As Bill Gates said, “Banking is necessary, banks are not.” And that's true. Fintechs are all about improving the lives of the users.
How and why banking industry disruption has started?
In 2018, venture capitalists raised $111 billion USD to support the Fintech revolution.
From the first sight, with the biggest banks controlling nearly $17 trillion in assets, Fintech’s $111 billion looks like peanuts.
We have to consider that retail banks spend $30 billion annually on digital transformation, which is not so impressive compared to Fintech’s $111 billion.
It's self evident that the Fintech trend is growing stronger and entering all the financial sectors.
Traditional banks and financial sectors have been playing catch-up with very little change over the past 20 years. Bank managers are hesitant to embrace change and new technologies. Some may disagree, saying that banks have come a long way over the years, but, in reality, all improvements were made in favor of a banking profit and not the customers.
Online banking has reduced the need for regular visits to bank branches. This has changed how we perceive banking services but not the banking model itself.
Online banking probably wouldn’t happen if accountants didn’t notice that the costs of maintaining an online banking system are much less than that of the branches.
Transitioning to online was a strategic and beneficial move for banks. Unfortunately, just because you are on the web doesn’t mean you understand it. On the other hand, Fintechs secure the clients better than any bank with a suitable and efficient online strategy.
First of all, the Fintech revolution started during the last financial crisis in 2008. Previous finance sector employees who lost their jobs weren't ready to give up on finance. They teamed up with IT professionals and started creating Fintech startups that were solving people’s problems instead of banking problems.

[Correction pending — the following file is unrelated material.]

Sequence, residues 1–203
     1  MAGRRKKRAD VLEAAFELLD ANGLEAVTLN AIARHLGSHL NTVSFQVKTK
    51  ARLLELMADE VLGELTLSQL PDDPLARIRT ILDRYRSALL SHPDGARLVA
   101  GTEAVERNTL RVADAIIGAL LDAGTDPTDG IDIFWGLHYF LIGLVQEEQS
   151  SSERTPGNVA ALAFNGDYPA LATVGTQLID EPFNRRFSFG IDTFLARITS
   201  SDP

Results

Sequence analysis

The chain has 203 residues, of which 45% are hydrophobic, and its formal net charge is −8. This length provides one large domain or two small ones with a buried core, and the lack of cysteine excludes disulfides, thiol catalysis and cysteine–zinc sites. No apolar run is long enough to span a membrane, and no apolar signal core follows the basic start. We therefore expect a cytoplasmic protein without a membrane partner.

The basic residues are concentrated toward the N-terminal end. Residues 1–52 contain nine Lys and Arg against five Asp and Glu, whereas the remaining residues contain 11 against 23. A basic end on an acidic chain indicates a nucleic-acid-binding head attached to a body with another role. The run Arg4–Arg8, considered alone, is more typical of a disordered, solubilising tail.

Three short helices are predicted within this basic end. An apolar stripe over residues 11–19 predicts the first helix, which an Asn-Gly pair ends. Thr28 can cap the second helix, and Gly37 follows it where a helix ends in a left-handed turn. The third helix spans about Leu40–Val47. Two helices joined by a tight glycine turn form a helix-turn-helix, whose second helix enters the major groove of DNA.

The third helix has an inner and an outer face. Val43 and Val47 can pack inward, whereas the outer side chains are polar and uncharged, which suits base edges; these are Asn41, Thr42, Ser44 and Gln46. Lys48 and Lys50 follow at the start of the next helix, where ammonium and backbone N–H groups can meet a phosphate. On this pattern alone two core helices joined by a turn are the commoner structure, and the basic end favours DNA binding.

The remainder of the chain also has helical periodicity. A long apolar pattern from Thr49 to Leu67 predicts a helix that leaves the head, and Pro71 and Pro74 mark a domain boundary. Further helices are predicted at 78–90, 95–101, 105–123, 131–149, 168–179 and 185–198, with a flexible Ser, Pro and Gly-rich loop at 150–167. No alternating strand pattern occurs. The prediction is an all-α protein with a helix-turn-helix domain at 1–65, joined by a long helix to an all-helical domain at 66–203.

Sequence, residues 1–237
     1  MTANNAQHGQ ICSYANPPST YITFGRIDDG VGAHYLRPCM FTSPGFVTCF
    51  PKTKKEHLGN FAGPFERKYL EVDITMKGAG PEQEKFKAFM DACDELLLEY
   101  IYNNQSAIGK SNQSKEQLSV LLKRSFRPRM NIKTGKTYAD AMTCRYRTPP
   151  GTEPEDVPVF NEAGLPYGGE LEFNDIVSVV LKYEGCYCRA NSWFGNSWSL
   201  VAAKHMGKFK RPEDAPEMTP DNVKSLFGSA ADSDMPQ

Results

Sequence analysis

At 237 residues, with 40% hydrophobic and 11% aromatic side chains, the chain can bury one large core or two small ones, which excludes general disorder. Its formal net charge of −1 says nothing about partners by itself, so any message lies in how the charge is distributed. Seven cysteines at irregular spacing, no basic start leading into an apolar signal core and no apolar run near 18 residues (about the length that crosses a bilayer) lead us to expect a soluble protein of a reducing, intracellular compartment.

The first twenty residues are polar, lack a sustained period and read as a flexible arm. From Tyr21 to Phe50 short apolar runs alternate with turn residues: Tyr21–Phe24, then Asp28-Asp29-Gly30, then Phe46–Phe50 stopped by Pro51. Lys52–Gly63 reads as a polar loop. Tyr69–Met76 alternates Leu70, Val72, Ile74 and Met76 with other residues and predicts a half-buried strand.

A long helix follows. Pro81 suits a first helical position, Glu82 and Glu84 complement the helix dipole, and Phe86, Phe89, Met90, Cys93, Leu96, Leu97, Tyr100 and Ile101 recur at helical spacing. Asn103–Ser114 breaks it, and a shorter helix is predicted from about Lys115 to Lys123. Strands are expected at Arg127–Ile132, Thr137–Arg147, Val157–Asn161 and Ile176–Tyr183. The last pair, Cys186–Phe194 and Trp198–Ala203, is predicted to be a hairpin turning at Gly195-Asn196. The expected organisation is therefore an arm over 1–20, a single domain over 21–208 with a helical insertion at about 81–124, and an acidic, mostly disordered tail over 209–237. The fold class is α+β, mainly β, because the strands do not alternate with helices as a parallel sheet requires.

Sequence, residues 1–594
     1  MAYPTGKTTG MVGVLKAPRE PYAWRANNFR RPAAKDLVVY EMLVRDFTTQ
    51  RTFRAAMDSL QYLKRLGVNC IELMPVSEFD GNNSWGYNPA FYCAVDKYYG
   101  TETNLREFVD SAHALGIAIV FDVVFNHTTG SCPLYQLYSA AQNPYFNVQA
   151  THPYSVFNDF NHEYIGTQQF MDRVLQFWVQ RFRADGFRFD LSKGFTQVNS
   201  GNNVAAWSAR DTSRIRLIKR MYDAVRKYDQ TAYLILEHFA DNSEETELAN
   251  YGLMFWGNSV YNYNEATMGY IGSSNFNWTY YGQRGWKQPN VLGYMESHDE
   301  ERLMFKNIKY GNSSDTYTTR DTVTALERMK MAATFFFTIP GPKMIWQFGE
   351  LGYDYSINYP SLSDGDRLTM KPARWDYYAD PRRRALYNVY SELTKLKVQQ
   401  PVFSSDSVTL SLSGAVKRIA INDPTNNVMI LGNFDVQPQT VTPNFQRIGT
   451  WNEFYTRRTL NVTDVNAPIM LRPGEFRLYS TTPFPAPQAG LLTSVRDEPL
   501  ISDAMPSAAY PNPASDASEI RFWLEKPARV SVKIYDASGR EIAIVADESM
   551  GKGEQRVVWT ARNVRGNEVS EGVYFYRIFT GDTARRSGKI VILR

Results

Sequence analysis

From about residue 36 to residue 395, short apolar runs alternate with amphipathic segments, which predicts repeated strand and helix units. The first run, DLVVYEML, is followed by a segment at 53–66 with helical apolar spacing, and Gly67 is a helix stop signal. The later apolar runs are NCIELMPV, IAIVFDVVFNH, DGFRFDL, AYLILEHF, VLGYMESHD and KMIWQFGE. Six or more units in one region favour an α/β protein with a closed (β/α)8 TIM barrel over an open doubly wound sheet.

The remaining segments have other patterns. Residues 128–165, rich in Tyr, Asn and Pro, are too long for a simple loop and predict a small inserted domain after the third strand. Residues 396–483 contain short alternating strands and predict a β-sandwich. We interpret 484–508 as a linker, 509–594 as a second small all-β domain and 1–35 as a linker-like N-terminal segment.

Due to the economic crisis, the trust in traditional banks was damaged, and everyone was eager to save and manage their money. This was a huge opportunity for the finance industry, and new finance-oriented services started booming.
Secondly, we are living in the digital age, which opened up countless opportunities for the financial industry. If you look at today’s most valuable companies, you will see five tech giants. The digital age requires an absolutely new approach and mindset─ one that's 100% user-centered.
Mobile banking eliminates market entry barriers, which creates a demand for financial services regardless of location. Today, 89% of all consumers use mobile banking, according to a Business Insider Intelligence study, and Fintech is providing a solution to banking customers, enabling them to compete with the “big” banks.
How Fintech won over their customers